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Ready Player One review: A fun but empty crowd-pleaser

Steven Spielberg goes all-out on fan-service and fast-paced action for Ready Player One's self-conscious, cacophonous fun.

Ready Player One trumpets its self-referential ego as some of the most important creators of the 80s culture are now behind the production of this nostalgic fantasy romp. That's right, no man other than Steven Spielberg directs Ready, with Alan Silvestri (Back to the Future trilogy, Who Framed Roger Rabbit) composing and Michael Kahn (a frequent collaborator of Spielberg) editing. This is an adaptation of Ernest Cline's 2011 novel, which drew controversies for its fanboy exuberance as much as the contempt from people who hated Cline's so-so writing and reliance on references.

To re-create and facilitate the pop culture landmarks, the world inside Ready has a public realm of virtual reality called the OASIS—Ontologically Anthropocentric Sensory Immersive Simulation, though Spielberg and his characters sometimes forget the "immersive" part. The prologue introduces this multi-functional platform by leading viewers on a nauseous ride through its technological marvels. Education, recreation, and business all take place inside the OASIS. The mass, rejecting their dismal reality, becomes addicted to this sweet blue pill.


The OASIS exists in a dystopian world where climate change leads to withered crops, and low living standards. Most of the population retreat to sprawling slumps where so-called "Stacks"—stories of trailers piled up—huddle together. Our reluctant hero Wade Watts (Tye Sheridan, X-Men: Apocalypse) lives in one of those in Columbus, Ohio. He's an orphaned teenager with a YA dystopian routine like dealing with his obnoxious uncle (Ralph Ineson) and getting comfy in his hideout. Like other lonely boys, he has only a small OASIS social circle, including Falstaffian BFF Aech (Lena Waithe) and dreamy, fearless crush Art3mis (Olivia Cooke, Me and Earl and the Dying Girl). Sheridan is again typecast as the likable white male (the younger, less douchey Mark Wahlberg?), and his expression is unremarkable in this thinly written archetype. His posture and voice, however, are fantastic for Wade's mo-capped OASIS avatar, Parzival.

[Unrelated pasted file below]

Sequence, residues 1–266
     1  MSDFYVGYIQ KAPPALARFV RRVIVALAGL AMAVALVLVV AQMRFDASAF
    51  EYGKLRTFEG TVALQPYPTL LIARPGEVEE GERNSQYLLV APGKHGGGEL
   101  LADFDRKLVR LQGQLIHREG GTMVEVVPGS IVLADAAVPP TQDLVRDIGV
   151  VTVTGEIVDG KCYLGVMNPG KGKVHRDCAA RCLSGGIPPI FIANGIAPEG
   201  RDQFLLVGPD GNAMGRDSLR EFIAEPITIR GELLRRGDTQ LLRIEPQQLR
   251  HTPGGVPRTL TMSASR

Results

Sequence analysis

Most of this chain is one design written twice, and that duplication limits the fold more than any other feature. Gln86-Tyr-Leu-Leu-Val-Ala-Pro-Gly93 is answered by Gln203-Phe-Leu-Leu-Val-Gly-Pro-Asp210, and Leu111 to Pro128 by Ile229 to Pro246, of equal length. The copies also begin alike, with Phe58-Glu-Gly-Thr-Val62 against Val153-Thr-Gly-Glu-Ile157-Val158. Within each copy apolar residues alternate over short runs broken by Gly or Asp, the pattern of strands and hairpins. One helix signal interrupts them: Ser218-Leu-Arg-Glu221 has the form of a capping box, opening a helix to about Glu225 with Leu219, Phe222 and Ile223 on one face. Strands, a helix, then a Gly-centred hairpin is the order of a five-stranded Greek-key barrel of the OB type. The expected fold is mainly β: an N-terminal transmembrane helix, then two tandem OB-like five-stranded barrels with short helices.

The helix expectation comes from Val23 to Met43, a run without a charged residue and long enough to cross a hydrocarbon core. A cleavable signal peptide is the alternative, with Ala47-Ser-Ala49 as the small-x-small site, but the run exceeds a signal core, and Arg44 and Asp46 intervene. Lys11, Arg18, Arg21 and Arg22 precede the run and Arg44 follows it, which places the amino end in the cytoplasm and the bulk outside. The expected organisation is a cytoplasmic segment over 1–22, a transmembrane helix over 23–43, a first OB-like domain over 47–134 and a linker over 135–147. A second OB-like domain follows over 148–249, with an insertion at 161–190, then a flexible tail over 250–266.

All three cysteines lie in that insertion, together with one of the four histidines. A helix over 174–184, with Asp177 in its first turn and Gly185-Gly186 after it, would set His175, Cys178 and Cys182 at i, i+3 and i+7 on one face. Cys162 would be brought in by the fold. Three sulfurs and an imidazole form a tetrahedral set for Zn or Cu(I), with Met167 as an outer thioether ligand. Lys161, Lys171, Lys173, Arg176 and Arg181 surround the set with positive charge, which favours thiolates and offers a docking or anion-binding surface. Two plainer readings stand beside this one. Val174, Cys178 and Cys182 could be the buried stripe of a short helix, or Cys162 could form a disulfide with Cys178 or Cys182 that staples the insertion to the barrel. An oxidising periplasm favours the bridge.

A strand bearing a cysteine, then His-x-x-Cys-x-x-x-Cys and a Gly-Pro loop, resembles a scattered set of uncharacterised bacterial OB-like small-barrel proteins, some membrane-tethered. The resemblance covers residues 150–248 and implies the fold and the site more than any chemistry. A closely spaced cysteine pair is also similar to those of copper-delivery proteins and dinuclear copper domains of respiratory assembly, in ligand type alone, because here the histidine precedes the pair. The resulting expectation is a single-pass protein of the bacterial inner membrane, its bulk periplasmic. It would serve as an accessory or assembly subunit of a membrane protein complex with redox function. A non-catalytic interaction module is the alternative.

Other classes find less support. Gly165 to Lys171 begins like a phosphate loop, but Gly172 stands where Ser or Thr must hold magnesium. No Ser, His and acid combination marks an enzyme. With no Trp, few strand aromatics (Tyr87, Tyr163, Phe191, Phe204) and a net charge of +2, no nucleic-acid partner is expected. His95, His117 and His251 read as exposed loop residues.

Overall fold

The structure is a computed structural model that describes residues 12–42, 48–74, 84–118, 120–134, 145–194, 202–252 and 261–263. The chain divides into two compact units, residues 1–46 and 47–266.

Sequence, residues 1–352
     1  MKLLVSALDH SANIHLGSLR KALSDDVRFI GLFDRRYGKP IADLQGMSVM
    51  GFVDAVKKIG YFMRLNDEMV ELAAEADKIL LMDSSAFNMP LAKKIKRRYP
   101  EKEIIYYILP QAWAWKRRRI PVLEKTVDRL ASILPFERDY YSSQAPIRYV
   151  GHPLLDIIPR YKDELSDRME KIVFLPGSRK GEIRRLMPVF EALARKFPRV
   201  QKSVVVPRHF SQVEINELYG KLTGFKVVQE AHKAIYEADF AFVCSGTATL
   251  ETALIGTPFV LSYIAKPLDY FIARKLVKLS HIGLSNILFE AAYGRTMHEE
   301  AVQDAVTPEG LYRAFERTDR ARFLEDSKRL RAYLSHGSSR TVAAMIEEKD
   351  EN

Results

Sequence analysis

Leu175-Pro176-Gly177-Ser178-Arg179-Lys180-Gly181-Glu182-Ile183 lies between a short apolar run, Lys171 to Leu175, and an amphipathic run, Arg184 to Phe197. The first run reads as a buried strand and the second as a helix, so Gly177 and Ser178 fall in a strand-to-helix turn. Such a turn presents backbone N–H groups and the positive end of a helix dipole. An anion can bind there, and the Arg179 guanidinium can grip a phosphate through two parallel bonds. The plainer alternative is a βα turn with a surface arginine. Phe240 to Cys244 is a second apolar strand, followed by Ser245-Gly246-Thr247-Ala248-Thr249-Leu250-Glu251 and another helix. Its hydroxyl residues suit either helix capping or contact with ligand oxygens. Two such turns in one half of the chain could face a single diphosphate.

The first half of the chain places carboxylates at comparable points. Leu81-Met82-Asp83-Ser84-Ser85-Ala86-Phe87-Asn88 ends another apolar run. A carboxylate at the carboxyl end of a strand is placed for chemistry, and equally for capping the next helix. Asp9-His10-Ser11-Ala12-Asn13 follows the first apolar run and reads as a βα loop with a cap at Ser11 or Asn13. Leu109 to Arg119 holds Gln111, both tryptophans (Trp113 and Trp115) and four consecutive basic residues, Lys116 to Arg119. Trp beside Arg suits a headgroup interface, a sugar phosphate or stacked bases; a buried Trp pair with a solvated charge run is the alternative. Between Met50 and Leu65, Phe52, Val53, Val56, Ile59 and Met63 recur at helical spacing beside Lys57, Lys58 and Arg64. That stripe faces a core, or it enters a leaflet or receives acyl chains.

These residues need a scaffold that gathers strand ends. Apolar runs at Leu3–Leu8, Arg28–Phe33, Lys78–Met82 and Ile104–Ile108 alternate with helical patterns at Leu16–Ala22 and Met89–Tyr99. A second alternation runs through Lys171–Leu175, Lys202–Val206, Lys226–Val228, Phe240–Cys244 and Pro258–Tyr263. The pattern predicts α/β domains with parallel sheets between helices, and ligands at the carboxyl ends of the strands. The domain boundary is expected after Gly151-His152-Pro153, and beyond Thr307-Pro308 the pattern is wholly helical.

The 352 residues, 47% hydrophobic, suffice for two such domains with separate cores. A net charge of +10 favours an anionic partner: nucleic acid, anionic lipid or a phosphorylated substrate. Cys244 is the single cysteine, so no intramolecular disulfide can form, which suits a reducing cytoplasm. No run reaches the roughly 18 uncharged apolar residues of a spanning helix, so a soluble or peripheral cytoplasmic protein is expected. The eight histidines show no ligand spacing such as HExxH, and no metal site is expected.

One day, OASIS creator James Halliday (Mark Rylance) dies. His Star Trek-themed last will and testament announces the Anorak's Quest, whereby any user who finds Halliday's Easter Egg inside the OASIS will be its new owner, along with half a trillion dollars of inheritance. Because Halliday was an avid fan of the glorious 80s, his quest ignites a global boom of researching and enjoying pop culture properties, which permeate this world—not just in minds, but as graffiti everywhere. People engaging in the quest are dubbed Gunters—for Egg hunters. They unearth tons of information about Halliday's past life and 70s & 80s entertainment, from music and video games to fashion and films and TV shows. With these riffs from Willy Wonka & the Chocolate Factory, the puzzling genius of Halliday's Egg hunt must find its hero in a spirited underdog with indisputable expertise on Halliday and pop culture. That's where Wade comes in and finds the quest's first objective.


Opposing the grouped and individual Gunters are the Sixers, hired by Innovative Online Industries, or IOI. The ravenous conglomerate is tempted by the prospect of controling the OASIS, the Internet in our near future. We all know the "Big Data, Big Brother" threat in real life, and IOI as a collective villain is fitting for a world during Facebook's data scandal and the loss of Net Neutrality. Don't worry, the movie puts a vile face on IOI, as the sinister Nolan Sorrento (Ben Mendelsohn) manages a division full of nerds and aforementioned Sixers. He is the butt of technological jokes—a jab at the detachment between corporate bigwigs and their products.

With the Jade and Crystal Keys remained hidden, Wade and his trusted allies compete against the IOI, whose only purpose is to exploit the OASIS for more money. The premise leans on 80s films, notably The Goonies; its heroes are bathed in an idealist light of Spielberg's biopics about little people standing up for democracy.

Because of his serious, mature works of political issues like Lincoln and Bridge of Spies, some regard Spielberg as a director who forgot to have fun and earned sentimentality. They seem to overlook the thrilling one-take chases in The Adventures of Tintin and the E.T.-ish story of War Horse just because The BFG underperformed. Spielberg proves he's the only one capable—not just politically (Ready needs a massive number of properties) but also artistically—of putting together this movie. The pop legend doesn't even have to return to form because he never lost his form while re-inventing himself. If the cineplex audiences want bold escapism, captivating set pieces, and a wholesome ending, the movie doesn't disappoint.